Ladbrokes said its planned merger with Coral Group is still some way off and that for now its main focus is on out-performing its rival UK betting-shop chain.
The deal, announced last month, needs to get past Britain's Competition and Markets Authority, and with the two companies controlling about 45 per cent of the UK's betting offices, analysts say the outcome remains in the balance. Initial talks have taken place with the regulator and Ladbrokes has a team of as many as 20 people working on the matter, chief executive Jim Mullen said by phone Tuesday.
“We are preparing the framework for what we need to do and a team has been ringfenced to look at that,” Mr Mullen said.
Ladbrokes and Coral are coming together to counter a tide of online competition, which has seen increasing numbers of gamblers shifting to the internet from conventional betting shops.
Reflecting the difficulties facing more traditional bookmakers, Ladbrokes reported a first-half loss Tuesday after writing down the value of its 2,169 betting offices. The results had been flagged in last month’s merger announcement. Ladbrokes shares fell 0.1 pence to 109.9 pence at 10.38am in London, and are little changed this year.
To gain regulatory clearance for the Coral merger, Ladbrokes needs to clear a hurdle that it failed to in 1998, the last time it sought to acquire its competitor. The shift in the industry since then may increase its chances, with online gaming having grown to become a mainstream alternative to visiting a betting shop. Together, Ladbrokes and Coral control about 14 per cent of the UK digital gambling market.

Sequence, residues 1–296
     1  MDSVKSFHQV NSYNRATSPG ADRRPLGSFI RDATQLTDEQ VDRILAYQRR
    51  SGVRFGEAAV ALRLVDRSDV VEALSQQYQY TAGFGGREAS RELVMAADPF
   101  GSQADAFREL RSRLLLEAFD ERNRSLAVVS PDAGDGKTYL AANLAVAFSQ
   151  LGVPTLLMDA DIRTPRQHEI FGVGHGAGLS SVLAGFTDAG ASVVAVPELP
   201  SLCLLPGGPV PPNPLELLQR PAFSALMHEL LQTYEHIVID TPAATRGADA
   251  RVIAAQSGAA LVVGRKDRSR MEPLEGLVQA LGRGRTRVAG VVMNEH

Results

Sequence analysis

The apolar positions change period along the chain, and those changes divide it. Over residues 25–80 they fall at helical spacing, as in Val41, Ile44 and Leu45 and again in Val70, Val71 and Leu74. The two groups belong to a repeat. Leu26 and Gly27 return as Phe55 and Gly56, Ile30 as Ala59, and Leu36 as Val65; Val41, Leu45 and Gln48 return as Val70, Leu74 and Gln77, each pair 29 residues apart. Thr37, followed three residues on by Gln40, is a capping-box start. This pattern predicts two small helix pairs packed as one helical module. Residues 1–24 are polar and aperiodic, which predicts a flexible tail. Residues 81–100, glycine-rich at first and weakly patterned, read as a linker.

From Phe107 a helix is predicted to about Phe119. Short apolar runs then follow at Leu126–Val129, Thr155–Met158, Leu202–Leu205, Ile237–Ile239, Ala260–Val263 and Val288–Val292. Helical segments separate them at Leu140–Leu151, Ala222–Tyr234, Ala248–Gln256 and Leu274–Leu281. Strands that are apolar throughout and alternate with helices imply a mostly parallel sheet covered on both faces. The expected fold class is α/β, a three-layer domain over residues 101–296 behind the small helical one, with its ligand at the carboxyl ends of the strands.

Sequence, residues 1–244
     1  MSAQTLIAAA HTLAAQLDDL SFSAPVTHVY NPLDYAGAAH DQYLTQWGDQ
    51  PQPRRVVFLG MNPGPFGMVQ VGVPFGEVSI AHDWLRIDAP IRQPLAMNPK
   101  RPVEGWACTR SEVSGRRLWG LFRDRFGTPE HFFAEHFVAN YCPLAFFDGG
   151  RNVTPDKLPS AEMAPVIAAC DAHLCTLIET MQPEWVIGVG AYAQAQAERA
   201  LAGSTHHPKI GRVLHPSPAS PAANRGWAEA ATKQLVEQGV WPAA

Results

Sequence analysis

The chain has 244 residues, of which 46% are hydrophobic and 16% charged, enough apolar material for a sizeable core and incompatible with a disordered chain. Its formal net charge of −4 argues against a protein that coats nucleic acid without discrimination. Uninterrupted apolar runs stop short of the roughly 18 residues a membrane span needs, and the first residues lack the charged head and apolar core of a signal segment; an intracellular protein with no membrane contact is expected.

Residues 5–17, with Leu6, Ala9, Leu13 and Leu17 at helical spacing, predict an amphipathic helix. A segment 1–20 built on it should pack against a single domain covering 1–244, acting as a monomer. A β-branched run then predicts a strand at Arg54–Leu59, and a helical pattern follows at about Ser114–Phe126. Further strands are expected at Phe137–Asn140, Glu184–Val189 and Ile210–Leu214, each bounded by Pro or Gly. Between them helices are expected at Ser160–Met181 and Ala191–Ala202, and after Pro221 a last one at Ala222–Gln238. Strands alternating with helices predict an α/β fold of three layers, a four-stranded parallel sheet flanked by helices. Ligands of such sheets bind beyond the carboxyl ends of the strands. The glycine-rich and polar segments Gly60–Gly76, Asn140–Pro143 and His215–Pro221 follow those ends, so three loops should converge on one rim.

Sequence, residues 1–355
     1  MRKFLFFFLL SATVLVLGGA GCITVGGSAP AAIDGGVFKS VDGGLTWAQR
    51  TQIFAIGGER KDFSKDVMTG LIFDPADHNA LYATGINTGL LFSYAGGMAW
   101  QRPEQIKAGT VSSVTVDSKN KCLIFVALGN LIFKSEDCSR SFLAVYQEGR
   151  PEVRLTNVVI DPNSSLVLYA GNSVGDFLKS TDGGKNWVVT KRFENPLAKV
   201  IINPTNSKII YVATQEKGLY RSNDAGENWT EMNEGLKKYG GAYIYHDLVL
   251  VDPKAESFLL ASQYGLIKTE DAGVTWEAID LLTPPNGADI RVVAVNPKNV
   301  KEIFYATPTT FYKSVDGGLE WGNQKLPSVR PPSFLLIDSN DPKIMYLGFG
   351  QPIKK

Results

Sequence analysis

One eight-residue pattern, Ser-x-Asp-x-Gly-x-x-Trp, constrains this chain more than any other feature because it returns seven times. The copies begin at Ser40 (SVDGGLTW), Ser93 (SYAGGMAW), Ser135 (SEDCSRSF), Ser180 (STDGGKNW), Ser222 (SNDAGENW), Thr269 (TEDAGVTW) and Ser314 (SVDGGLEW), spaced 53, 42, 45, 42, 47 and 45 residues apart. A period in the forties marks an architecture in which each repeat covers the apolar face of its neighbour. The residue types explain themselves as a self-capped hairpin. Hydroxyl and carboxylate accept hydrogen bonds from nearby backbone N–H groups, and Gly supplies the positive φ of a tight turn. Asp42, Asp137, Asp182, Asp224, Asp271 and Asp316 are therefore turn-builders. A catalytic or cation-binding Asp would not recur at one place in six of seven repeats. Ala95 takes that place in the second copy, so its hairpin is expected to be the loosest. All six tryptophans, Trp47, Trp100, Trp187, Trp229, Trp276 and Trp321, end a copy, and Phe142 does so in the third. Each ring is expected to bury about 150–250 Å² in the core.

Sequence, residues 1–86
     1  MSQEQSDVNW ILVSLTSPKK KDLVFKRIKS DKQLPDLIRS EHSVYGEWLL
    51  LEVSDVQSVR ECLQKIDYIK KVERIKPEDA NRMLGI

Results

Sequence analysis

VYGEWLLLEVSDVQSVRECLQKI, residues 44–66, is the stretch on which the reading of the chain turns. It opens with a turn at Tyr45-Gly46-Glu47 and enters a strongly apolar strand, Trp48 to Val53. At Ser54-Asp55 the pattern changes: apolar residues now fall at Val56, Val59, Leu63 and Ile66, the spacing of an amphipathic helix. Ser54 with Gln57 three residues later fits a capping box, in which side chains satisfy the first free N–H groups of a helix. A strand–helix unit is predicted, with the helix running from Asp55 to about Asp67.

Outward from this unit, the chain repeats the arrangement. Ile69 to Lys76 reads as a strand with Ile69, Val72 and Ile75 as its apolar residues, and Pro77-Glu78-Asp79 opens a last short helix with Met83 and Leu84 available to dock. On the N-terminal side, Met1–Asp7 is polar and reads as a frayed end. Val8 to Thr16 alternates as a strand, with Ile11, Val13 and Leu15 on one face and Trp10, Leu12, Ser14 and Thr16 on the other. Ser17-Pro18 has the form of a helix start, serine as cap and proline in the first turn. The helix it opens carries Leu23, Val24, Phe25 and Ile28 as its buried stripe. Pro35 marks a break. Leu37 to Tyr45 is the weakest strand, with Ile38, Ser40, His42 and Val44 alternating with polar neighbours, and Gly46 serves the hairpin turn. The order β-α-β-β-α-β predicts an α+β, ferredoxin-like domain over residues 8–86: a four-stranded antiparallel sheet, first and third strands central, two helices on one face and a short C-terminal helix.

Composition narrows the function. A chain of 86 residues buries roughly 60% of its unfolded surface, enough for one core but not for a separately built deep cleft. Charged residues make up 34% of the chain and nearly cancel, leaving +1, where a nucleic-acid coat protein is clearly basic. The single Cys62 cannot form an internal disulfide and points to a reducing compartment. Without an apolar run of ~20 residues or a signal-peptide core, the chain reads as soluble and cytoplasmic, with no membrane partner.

For now, Mullen is focusing on regaining customers by plowing money into both traditional and non-traditional channels, while seeking to close underperforming shops. A planned increase in marketing spending means the Ladbrokes brand will become more prominent across the media, while the company will also sponsor more events to boost its profile. "There are signs of light, particularly in UK retail," Nick Batram, an analyst at Peel Hunt, said in a note. Changes that Mullen is introducing led to a pretax loss of £51.4 million (€72.66 million) in the six months through June 30th as the company took one-time charges of £78.9 million, mostly to reduce the value of betting shops in the UK and Ireland. Business in the first weeks of the second half has been in line with the company's expectations, Ladbrokes said.